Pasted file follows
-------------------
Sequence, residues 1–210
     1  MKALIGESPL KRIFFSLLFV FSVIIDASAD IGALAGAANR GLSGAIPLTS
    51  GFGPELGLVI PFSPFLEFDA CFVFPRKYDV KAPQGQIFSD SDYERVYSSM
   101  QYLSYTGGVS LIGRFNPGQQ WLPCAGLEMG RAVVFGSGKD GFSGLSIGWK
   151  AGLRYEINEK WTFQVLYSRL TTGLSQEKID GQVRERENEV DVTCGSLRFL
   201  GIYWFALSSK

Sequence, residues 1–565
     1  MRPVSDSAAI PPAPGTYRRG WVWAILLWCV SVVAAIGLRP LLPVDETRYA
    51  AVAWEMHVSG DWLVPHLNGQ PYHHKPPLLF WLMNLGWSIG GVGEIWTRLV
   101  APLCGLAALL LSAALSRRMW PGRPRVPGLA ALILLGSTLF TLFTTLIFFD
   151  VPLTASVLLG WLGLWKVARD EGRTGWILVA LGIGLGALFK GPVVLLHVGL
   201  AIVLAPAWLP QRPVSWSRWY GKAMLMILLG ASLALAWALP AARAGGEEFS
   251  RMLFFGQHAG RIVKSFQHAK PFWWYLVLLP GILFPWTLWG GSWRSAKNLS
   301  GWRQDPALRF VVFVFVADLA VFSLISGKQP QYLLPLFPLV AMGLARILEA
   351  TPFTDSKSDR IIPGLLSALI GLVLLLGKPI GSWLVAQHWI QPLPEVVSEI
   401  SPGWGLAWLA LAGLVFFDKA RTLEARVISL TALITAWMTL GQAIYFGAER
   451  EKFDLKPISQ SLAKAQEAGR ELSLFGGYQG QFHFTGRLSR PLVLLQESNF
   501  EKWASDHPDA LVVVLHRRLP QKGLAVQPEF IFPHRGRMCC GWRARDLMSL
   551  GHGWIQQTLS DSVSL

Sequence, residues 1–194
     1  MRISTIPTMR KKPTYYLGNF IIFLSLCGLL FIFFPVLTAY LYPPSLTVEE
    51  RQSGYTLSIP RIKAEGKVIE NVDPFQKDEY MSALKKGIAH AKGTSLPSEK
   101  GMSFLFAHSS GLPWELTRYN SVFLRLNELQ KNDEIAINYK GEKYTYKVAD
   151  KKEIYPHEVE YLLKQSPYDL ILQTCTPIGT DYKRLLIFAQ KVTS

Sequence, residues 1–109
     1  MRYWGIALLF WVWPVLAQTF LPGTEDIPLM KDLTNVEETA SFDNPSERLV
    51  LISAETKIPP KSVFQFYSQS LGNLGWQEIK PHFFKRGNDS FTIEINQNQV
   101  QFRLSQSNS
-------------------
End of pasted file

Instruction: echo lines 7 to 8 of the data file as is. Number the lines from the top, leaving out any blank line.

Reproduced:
Sequence, residues 1–565
     1  MRPVSDSAAI PPAPGTYRRG WVWAILLWCV SVVAAIGLRP LLPVDETRYA